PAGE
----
How is this done?

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GeoSpectrum
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How is this done?

Post by GeoSpectrum » Tue 10 Aug, 2021 5:14 pm

I’m taking another look at gilding, I never quite find time to get to grips with it but hopefully this time….
I came across this frame from the Batican website and was wondering how the relief area was applied and with what? I can cut the flourishes with my CNC but would like to get the raised effect.
ADCCDCA0-7A04-43C8-AF13-BD0E532EDB7A.jpeg
Alan Huntley
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Re: How is this done?

Post by Not your average framer » Tue 10 Aug, 2021 6:05 pm

That's almost certainly not done with a CNC router, or a CMC mount cutter. My guess would be that in has been stencil on, or rubbers stamped on and while the paint is still wet it has been dusted with thermographing power, then after the paint has dried the suplus thermographing powder in shaken off and the remaining thermographic powder is the fused in place using heat. I've tried similar things myself, but making a really good stencil is not necessarily all that easy. At the tail end of second day of my hand finishing course, we added some raised ancient greek letters on to a frame moulding using the same technique.

Ricky did a video of the course and it was on his video! The Youtube id for this video was Am8KPGtpdb8, but I can't access it, as youtube won't let me in. Perhaps someone else can get into it!
Mark Lacey

“Life is short. Art long. Opportunity is fleeting. Experience treacherous. Judgement difficult.”
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Not your average framer
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Re: How is this done?

Post by Not your average framer » Tue 10 Aug, 2021 6:40 pm

I finally managed to run Ricky's Youtube video. The stenciled and raised ancient greek letters are on the very last shot and the end of the video, it's only there for a few seconds, so you will need to be fast hitting the pause button!
Mark Lacey

“Life is short. Art long. Opportunity is fleeting. Experience treacherous. Judgement difficult.”
― Geoffrey Chaucer

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Re: How is this done?

Post by vintage frames » Tue 10 Aug, 2021 6:41 pm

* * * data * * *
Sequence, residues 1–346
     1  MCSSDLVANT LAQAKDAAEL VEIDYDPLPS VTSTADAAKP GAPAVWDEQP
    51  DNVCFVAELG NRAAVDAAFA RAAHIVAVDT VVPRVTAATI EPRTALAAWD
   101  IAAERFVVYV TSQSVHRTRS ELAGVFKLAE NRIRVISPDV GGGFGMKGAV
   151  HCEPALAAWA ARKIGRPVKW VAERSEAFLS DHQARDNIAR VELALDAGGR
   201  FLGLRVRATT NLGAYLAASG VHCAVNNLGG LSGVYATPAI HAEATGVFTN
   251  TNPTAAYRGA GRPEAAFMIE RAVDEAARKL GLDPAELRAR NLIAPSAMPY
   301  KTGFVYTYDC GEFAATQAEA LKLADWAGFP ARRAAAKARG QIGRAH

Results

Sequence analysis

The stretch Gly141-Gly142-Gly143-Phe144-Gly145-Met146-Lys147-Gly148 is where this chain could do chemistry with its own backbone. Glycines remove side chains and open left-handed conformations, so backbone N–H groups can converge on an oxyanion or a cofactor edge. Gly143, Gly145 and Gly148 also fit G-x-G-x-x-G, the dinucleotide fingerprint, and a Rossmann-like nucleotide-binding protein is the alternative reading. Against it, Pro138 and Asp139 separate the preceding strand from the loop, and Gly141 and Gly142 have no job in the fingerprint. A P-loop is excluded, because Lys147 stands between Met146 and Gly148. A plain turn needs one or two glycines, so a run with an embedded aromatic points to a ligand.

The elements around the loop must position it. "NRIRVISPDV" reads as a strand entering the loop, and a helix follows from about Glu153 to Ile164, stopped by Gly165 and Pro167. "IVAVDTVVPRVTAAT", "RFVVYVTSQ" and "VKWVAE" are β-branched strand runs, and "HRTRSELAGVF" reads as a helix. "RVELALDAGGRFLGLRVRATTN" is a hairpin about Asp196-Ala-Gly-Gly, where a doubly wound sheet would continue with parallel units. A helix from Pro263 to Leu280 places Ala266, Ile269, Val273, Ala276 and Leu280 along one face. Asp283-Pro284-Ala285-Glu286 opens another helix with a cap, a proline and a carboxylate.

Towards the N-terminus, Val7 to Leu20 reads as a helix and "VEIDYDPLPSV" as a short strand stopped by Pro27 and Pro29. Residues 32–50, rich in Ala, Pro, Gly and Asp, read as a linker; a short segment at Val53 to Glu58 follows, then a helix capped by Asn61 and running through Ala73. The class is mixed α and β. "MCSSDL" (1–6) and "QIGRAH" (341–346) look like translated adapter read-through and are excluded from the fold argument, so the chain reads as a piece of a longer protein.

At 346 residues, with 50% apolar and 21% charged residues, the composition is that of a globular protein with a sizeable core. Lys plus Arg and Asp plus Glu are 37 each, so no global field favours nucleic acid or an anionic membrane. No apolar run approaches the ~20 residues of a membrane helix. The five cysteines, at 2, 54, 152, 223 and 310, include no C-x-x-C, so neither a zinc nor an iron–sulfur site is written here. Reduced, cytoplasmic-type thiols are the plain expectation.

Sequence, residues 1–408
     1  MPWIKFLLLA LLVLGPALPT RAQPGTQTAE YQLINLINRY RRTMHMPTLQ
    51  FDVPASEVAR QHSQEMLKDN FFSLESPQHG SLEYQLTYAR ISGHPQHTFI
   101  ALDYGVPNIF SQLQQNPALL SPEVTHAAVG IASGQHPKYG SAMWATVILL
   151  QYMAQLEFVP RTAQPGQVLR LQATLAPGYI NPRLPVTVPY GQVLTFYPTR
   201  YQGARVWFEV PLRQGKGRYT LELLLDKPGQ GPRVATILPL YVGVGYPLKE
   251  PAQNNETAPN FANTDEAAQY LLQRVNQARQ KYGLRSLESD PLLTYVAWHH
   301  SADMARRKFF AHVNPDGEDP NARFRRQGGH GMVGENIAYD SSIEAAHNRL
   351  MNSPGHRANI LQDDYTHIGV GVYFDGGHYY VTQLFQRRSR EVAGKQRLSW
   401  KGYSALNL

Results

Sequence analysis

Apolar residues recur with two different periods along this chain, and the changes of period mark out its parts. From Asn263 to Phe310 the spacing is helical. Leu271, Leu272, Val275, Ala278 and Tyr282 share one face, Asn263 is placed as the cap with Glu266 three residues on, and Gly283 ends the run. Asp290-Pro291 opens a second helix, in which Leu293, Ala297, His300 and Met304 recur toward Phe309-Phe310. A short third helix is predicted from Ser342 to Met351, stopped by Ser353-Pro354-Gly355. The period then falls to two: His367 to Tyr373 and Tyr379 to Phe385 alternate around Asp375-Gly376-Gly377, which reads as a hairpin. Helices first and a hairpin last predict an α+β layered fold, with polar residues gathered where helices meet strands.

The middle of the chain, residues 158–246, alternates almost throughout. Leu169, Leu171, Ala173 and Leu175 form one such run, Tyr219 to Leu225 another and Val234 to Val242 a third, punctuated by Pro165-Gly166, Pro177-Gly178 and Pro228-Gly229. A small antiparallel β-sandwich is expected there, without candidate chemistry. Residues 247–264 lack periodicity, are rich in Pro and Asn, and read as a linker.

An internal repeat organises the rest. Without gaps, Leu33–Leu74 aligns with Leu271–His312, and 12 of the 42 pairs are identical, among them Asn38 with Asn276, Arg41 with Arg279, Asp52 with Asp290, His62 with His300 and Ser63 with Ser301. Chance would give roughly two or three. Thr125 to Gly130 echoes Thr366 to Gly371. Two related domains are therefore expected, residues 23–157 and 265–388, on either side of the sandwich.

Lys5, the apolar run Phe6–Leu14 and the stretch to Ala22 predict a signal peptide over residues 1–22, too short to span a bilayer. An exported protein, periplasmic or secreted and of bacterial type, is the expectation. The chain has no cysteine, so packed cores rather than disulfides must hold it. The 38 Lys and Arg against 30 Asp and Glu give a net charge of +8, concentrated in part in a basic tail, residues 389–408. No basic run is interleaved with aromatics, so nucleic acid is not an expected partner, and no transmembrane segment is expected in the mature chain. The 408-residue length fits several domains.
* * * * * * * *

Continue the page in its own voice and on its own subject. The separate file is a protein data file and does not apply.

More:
The process is called Pastiglia.
You can do it in several ways, but the traditional method is to use well sieved whiting mixed into an egg white binder. It should be like piping iceing onto a cake. Either use a piping funnel, a squeezy bottle or even a medical syringe.
It appears that the gilded pasta in your photo has been burnished, so the binder would definitely have been egg white. Otherwise you could try using diluted PVA. It's the bulk of whiting that creates the relief.
Feel free to message me about any gilding traumas.
Will help if I can.
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Not your average framer
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Re: How is this done?

Post by Not your average framer » Tue 10 Aug, 2021 6:55 pm

Hi Dermot,

This sounds not easy to do! Do you mark out the design on to the surface first? If so how and how do you control how much of the applied mixture flows on to each part of the design, It all sounds very skillful and difficult to me! I doubt if I would have enough manual dexterity after the degree to which my stroke has affected me, so if I wanted to do this I would probably get a stencil produced by a stencil manufacturer and hope that this would produce a satisfactory result.
Mark Lacey

“Life is short. Art long. Opportunity is fleeting. Experience treacherous. Judgement difficult.”
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GeoSpectrum
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Re: How is this done?

Post by GeoSpectrum » Tue 10 Aug, 2021 7:56 pm

Thanks for the info Dermot.

Here is a link to the wiki Page about Pastiglia. Time for some background reading.

https://en.wikipedia.org/wiki/Pastiglia
Alan Huntley
Ashcraft Framing
Plain wood frames, Inlay/tray frames and painted frames for artists.
http://www.ashcraftframing.co.uk
Twitter: @AshcraftFrames
Our Blog: http://ashcraftframing.wordpress.com/
Doing nothing is a much underrated activity

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